A project part funded by the European Regional Development Fund in partnership with South Kesteven District Council, North Kesteven District Council, the National Trust and the Environment Agency.
Blue Green Corridor

Protecting and preserving our environment

European Union South Kesteven District Council North Kesteven District Council National Trust Environmental Agency

Protecting and preserving our environment

Wildflower Meadows

Photo by Barrie Wilkinson

Wildflower meadows are an extremely important habitat, supporting a diverse range of species. However, they have declined rapidly over the past few decades, especially in urban areas.

This rapid 97% decline in the UK, since the 1930s, has largely been due to the intensification of agriculture, with increased field drainage and herbicide use, as well as urbanization.

In turn, this has caused a huge decline in biological diversity as wildflower meadows have the ability to support a wide range of species, by offering such a diverse and attractive habitat.

Wildflower meadows are also extremely beneficial as they are sustainable landscapes. An established meadow is resistant to weed invasions and has a greatly reduced need for maintenance. Displaying the benefit of having wildflower meadows in an urban area, offering an attractive, diverse area to enjoy and introducing mental health benefits to the local community.


In wildflower meadow creation, the wildflowers introduced will consist of native plants, providing important habitat for wildlife. 

Tall vegetation will create resting areas, benefiting insects such as spiders and ladybirds, which help control pests. Amphibians also benefit as tall vegetation provides cover and damp areas created will give them sections to forage in.

Wildflowers also provide an excellent food source for some species. With some birds eating the seeds produced and others eating insects and caterpillars living on the flowers. This habitat also provides nesting material for birds and supports small mammals by providing cover, food and nesting material.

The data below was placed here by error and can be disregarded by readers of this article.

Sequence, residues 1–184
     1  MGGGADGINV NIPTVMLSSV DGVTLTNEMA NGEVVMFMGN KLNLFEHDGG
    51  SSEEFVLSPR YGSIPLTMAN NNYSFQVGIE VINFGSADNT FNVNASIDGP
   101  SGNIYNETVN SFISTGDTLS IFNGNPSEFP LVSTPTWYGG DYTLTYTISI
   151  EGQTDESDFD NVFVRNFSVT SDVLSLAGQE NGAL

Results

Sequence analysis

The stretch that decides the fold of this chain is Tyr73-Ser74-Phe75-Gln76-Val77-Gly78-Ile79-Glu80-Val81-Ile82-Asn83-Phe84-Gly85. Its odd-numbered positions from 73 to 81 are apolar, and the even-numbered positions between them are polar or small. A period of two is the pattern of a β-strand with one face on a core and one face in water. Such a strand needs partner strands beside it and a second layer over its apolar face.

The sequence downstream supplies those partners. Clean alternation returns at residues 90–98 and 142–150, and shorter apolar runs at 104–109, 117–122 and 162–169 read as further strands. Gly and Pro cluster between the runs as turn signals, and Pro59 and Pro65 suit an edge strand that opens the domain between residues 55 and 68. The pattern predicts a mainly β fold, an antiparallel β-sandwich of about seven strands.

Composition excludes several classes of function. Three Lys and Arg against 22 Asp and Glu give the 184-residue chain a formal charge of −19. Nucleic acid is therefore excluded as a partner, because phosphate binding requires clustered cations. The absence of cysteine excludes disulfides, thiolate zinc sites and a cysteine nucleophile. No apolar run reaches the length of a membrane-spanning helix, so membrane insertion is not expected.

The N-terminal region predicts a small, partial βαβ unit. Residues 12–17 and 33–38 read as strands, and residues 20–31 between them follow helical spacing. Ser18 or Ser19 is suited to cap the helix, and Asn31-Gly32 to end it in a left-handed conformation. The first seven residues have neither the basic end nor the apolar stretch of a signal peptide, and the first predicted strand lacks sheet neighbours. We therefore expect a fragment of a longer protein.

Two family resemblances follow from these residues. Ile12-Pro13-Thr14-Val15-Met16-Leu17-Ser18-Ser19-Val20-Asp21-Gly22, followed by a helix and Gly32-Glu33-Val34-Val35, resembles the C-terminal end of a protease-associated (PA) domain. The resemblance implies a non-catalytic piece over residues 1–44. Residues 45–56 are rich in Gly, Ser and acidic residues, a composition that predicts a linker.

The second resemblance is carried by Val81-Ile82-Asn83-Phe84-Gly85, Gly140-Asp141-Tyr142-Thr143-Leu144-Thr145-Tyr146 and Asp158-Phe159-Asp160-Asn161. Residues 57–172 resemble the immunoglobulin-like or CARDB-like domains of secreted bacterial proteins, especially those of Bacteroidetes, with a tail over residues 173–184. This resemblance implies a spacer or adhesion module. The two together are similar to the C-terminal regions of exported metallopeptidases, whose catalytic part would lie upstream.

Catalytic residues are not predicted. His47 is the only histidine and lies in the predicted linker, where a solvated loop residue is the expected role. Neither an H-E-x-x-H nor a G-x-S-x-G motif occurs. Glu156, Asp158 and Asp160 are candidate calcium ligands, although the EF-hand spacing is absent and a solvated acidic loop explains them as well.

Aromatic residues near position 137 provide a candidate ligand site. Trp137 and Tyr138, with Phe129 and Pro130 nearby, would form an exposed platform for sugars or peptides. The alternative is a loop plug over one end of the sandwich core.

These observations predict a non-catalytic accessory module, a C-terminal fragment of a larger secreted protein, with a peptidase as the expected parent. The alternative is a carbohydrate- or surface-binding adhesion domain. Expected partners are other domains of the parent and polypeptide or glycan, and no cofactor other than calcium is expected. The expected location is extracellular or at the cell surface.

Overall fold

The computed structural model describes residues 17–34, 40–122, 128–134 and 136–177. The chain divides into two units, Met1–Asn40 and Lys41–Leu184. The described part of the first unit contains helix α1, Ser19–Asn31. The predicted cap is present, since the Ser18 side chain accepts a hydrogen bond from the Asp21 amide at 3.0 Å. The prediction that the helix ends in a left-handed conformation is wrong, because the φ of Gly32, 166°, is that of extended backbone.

Wildflower plants, Devil's bit Scabious and Wild Angelica, benefiting native insects and species.


Marsh Fritillary butterflies, supported by the introduction of wildflowers such as Ragged Robin pictured.

The colour and scent of nectar rich wildflowers help support native pollinators like butterflies, moths and bumblebees. They provide support through the multiple stages of their life cycle, providing food and egg laying habitat for caterpillars, and flowering plants for butterflies.  

Habitat for pollinators is very important, with approximately 76% of all resident and regular migrant butterflies declining in the UK in abundance, occurrence, or both, over the past four decades.

The introduction of wildflower plants is proven to increase the abundance of pollinators. With butterflies being more abundant and higher in species diversity in areas sowed with wildflower seed and with flowers of key nectar source species, than unsown areas. 

The Riseholme Project

Lincolnshire University and Lincolnshire Wildlife Trust are working in partnership on an exciting initiative involving collecting local wildflower seeds and growing them at Riseholme Campus.

This amazing initiative introduces wildflowers into public spaces, enhancing community areas and increasing native wildlife.

Some of the native species grown at Riseholme seed bank will be given to the Witham/Slea Blue Green Corridor Project to be planted, with the help of volunteers, in our future wildflower meadows. Including Queen Elizabeth Park, Sedgwick Meadows and Dysart Park to ensure local native species establish and flourish.

Click here to learn more about the Riseholme Project

Witham/Slea Blue Green Corridor Wildflower Meadow Creation Projects

Sedgwick Meadows

Dysart Park

Queen Elizabeth Park